What will happen when the 1,000 or so foreign media correspondents who came to Athens to cover events these past few days go home? What will happen when the Greek crisis is no longer on the front pages of foreign newspapers, when hardly anyone cares what’s going on with the Greeks, irrespective of whether they’re regarded as brave, undisciplined, lazy or deserving of their rotten fate? What will happen, in short, when Greece is left alone, without friends but also without enemies? Alone. With just a few thousand tourists, fewer international flights, with cultural events being canceled, businesses going bust, a shrinking market, rising unemployment, banks just managing to muddle along, emptying supermarket shelves...
The scenario of “terror” (as the government likes to label any mention of what is really going on) is already unfolding but we have an edge: the proud “no” of the referendum, which was meant to strengthen the government’s bargaining positions but is instead turning into a noose around Alexis Tsipras’s neck.
SYRIZA and Independent Greeks talk about dignity when what the country’s partners are looking for is credibility. They need to believe in the Greek proposals, in the reform effort, in the country’s representatives, in the entire country, in fact. For the past two days, public statements from European officials have been balanced carefully between stressing the fact that time is short and the need for a credible proposal from Athens. Their interest, which is basically surviving without too many losses, is at complete odds with the situation of Greece. No one wants the worst (Grexit) to happen but...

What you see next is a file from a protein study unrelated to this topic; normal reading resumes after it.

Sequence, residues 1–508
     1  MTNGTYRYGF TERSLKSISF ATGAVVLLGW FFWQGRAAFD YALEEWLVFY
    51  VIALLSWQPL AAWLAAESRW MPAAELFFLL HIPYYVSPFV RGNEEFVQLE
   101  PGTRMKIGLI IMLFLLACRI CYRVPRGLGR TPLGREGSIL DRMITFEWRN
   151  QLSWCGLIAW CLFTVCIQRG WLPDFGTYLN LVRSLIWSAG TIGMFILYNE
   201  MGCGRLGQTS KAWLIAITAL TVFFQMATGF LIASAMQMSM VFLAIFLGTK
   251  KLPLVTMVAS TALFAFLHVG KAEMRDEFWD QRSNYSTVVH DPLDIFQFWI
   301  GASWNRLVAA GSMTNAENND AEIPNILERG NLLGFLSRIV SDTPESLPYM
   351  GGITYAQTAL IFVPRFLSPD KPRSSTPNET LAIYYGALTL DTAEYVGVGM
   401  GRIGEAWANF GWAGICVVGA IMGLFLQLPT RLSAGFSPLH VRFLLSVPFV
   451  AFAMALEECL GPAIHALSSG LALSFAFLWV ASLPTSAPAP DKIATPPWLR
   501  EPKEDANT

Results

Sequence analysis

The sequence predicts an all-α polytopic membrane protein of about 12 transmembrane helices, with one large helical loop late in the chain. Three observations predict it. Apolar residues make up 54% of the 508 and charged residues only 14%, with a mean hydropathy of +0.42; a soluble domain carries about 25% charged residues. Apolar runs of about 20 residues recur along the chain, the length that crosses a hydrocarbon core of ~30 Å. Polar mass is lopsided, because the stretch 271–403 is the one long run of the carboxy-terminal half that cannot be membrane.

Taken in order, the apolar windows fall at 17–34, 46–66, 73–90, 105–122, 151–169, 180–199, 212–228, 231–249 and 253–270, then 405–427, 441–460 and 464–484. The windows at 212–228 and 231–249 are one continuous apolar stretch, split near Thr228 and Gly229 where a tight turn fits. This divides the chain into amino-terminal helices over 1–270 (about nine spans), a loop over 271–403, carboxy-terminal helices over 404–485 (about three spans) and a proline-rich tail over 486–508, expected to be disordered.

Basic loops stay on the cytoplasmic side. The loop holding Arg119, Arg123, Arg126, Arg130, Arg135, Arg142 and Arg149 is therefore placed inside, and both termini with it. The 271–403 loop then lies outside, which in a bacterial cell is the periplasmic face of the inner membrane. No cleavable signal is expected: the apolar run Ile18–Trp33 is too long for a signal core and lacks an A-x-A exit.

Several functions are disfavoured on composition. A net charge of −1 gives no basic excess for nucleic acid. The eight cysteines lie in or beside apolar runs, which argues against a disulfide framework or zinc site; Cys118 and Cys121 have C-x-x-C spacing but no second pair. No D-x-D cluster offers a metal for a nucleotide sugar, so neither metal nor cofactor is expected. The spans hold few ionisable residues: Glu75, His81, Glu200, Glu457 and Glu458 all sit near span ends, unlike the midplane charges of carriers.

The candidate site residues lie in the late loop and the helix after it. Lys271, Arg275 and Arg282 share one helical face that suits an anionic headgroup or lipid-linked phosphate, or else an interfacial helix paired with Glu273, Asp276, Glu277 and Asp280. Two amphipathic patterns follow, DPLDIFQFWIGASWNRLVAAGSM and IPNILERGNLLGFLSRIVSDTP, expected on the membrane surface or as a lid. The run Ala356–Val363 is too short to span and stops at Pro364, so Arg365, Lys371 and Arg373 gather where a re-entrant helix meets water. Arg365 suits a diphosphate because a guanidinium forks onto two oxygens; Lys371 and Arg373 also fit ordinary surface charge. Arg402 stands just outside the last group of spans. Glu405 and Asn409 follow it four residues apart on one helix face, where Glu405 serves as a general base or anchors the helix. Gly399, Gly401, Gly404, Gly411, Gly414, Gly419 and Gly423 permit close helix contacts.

Increasingly isolated, we stand on a slippery bank watching the European ship sailing further and further away – some of us stunned, some crushed, some desperate and some even happy.
These are the last scenes that will play in the foreign media. After the rush of imminent disaster, we will each return – poorer – to the day-to-day grind. No one will care about Greece’s predicament because, as our partners in the other 18 countries of the eurozone have said time and again, they have already spent months and months dealing with the 19th and the problem is just getting bigger.
And the worst part is that the “enemy” is not internal. It is not the elected government but the “foreigners.” The demagoguery that Jean-Claude Juncker recently warned about has found fertile ground. The “foreigner” is always an easy target, a great magnet for all the anger and frustration of failure.
But anger can quickly transform and can even become stronger when the “foreigner” leaves and we are left alone to deal with poverty, unemployment and increasing shortages. We’ll have no partners and no more lies to invoke. We will be alone: just us and reality.